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April 27, 2020

Coronavirus company news summary – China progresses a second vaccine candidate into Phase II – UK Government launches plasma therapy clinical trial

By Allie Nawrat

27 April 2020 

China has granted approval to assess a second coronavirus vaccine candidate against Covid-19 in the second phase of clinical trials; this is the third Covid-19 vaccine to enter clinical development. According to state-run Xinhua news agency, an inactivated vaccine created by Wuhan Institute of Biological Products under the China National Pharmaceutical Group, Sinopharm, and the Wuhan Institute of Virology (WIV) entered clinical trials.

Immunotherapies developer Scancell has launched a research programme focused on developing a DNA vaccine candidate to protect from Covid-19. The vaccine will be designed to act on the SARS-CoV-2 nucleocapsid protein and the main receptor-binding domain of the spike S protein. The project will involve researchers from the University of Nottingham, Centre for Research on Global Virus Infections, the Biodiscovery Institute and Nottingham Trent University.

The UK Government has approved a clinical trial to assess plasma therapy for the treatment of Covid-19 patients. A scaled-up national programme, if effective, will supply up to 10,000 units of convalescent plasma each week to the National Health Service (NHS), enabling treatment of 5,000 patients per week.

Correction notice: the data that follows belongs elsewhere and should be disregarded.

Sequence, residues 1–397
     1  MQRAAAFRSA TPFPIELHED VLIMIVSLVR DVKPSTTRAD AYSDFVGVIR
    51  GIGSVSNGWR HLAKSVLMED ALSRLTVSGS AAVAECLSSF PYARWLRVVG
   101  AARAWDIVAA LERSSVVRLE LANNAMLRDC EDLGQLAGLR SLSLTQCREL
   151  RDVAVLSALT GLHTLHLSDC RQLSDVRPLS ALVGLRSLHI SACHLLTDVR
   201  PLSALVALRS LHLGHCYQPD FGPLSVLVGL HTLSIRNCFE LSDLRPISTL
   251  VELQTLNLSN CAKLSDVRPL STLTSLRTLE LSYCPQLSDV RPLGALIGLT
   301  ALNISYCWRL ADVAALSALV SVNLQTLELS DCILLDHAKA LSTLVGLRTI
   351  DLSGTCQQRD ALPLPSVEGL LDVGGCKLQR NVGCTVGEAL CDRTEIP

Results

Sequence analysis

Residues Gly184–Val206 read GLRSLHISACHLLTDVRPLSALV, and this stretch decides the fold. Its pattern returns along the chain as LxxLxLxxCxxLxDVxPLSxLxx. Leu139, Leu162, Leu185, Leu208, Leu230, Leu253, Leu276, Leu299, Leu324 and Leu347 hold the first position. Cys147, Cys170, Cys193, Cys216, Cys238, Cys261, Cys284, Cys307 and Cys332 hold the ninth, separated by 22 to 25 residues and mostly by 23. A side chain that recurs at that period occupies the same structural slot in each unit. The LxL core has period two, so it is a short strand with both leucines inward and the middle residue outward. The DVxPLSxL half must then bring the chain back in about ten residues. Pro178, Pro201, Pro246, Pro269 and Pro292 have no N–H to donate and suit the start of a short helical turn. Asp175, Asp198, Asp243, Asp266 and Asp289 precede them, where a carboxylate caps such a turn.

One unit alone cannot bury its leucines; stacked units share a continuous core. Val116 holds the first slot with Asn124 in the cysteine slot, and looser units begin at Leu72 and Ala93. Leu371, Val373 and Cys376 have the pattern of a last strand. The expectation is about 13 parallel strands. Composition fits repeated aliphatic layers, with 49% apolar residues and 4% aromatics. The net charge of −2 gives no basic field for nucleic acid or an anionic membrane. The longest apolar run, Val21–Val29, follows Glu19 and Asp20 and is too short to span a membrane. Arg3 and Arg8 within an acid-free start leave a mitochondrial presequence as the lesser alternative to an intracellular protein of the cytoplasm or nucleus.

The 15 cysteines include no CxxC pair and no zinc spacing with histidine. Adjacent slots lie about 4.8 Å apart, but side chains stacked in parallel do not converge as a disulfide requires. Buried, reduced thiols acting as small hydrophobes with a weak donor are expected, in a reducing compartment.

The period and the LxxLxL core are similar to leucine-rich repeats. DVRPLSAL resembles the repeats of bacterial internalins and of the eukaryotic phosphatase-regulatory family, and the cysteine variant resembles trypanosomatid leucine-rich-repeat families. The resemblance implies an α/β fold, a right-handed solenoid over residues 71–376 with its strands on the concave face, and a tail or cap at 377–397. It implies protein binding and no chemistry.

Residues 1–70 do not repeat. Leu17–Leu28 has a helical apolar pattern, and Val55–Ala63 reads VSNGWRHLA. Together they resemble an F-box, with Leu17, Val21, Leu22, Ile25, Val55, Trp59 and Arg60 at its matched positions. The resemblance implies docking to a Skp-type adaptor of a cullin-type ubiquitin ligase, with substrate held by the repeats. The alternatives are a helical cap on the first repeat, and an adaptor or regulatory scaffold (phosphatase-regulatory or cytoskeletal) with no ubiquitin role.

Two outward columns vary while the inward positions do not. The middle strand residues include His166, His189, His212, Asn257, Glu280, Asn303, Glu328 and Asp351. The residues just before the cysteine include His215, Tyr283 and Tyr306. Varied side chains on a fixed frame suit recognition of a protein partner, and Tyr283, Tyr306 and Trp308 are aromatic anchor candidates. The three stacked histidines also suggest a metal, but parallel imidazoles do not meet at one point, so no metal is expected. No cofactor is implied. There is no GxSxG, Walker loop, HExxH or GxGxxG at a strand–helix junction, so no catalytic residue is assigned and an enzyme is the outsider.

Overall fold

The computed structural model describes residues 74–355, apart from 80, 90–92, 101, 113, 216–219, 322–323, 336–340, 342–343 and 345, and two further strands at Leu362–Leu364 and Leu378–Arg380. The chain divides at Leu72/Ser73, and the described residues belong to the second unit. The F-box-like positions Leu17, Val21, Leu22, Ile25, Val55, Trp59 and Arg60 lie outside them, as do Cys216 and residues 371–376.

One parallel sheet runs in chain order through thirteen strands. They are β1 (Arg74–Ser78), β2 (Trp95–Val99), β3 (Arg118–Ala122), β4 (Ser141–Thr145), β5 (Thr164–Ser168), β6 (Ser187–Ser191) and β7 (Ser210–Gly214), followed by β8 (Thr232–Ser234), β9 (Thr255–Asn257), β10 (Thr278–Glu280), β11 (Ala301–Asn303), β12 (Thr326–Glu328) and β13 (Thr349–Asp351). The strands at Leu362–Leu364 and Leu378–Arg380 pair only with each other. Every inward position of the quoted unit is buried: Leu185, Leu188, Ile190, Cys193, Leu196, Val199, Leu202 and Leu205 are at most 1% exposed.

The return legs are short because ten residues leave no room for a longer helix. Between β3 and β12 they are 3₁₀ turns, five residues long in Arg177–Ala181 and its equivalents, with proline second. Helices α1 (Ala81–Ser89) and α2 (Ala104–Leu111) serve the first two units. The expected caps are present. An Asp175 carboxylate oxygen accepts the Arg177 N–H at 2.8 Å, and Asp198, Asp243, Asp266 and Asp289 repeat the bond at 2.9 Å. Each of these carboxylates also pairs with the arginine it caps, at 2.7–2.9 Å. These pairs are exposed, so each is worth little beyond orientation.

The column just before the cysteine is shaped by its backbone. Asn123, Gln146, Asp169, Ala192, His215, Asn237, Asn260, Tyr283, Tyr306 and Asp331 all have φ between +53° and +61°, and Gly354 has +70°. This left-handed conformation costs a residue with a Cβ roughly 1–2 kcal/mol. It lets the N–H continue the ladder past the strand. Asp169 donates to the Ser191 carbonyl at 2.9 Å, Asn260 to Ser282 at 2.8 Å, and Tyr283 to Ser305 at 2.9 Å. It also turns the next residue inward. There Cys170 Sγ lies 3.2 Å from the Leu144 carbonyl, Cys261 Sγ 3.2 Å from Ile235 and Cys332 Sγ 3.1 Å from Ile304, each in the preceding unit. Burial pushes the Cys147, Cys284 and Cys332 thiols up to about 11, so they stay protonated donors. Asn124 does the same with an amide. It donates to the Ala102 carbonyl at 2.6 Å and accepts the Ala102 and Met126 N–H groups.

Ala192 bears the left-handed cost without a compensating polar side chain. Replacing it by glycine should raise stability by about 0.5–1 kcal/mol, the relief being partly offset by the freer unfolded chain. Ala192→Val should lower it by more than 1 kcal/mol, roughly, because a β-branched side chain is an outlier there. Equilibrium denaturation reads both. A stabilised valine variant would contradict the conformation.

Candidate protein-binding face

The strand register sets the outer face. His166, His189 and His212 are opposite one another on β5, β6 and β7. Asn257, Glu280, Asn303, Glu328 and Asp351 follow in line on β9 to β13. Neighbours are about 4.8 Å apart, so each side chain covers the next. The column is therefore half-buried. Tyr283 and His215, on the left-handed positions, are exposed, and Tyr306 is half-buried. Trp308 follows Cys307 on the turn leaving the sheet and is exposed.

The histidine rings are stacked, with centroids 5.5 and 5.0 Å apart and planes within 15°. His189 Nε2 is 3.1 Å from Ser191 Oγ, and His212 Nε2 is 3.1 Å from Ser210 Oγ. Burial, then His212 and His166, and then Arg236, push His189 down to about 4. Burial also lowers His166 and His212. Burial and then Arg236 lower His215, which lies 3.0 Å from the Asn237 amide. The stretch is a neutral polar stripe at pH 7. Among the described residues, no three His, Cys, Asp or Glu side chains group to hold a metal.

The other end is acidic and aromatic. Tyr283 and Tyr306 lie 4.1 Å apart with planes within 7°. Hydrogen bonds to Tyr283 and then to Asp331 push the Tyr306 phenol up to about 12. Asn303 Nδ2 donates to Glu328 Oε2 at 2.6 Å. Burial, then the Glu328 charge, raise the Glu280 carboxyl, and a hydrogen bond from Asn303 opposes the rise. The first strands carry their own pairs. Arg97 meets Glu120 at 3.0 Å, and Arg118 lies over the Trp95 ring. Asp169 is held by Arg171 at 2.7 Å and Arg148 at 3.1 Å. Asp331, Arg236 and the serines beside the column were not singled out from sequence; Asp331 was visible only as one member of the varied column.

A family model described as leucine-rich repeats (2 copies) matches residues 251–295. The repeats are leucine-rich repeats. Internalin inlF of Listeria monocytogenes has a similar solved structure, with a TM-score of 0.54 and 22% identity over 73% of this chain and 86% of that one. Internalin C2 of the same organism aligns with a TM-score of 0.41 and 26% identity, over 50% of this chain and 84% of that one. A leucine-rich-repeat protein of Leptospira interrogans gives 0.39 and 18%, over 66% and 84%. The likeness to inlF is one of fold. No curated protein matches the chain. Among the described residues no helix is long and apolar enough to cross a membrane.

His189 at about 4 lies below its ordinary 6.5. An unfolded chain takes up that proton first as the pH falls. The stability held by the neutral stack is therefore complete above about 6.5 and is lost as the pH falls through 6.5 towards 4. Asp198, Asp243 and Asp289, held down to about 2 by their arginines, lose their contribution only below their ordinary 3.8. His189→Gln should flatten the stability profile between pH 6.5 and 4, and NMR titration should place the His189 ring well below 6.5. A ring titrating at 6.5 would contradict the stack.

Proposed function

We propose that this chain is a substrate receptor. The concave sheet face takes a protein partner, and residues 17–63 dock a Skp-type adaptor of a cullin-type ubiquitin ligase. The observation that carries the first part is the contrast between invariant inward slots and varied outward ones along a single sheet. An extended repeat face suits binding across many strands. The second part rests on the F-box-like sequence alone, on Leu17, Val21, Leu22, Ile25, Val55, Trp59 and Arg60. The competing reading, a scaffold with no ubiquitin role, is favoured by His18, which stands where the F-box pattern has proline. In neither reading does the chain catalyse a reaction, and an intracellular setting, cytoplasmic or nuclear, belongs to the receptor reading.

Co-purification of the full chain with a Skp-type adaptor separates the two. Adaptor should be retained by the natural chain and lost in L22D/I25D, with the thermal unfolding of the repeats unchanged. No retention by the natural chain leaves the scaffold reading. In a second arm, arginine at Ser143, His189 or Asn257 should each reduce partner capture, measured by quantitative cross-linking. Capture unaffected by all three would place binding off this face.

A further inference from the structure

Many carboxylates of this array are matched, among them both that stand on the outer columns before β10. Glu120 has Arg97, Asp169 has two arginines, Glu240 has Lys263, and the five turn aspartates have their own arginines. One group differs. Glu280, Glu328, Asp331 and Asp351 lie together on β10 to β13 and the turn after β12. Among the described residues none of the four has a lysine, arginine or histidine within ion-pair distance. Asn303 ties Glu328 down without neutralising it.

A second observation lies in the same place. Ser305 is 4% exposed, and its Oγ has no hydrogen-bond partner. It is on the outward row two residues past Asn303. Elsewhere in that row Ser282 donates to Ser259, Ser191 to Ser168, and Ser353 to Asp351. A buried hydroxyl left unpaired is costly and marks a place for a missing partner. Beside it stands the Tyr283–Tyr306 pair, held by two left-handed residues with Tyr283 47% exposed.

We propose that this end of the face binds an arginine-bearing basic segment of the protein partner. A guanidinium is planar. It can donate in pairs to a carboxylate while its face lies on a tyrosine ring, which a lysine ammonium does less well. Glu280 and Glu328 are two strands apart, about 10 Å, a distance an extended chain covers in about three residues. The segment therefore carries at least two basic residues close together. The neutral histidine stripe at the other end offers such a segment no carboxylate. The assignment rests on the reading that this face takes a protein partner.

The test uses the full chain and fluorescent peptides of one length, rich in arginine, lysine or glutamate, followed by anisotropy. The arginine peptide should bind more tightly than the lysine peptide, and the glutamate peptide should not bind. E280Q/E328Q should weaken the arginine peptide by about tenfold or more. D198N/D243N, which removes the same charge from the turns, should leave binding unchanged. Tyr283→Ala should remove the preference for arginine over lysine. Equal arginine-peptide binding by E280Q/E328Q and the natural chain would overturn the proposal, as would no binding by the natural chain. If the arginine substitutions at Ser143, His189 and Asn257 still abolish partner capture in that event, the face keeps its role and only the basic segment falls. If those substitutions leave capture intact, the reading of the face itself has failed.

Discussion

Serum Institute of India has plans to manufacture the Covid-19 vaccine candidate developed by the University of Oxford in the next two to three weeks, with an aim to produce five million doses per month during the initial six months and then scale-up to ten million doses per month. The company is one of the seven global organisations producing the vaccine.

Australia-based Mesoblast has reported that 83% of ventilator-dependent Covid-19 patients suffering from moderate and severe acute respiratory distress syndrome (ARD) treated with two IV infusions of its allogeneic mesenchymal stem cell candidate, remestemcel-L, showed survival in first five days of a clinical trial. All patients were treated at Mt Sinai hospital, New York, US as part of an emergency investigational new drug (IND) application or expanded access protocol.

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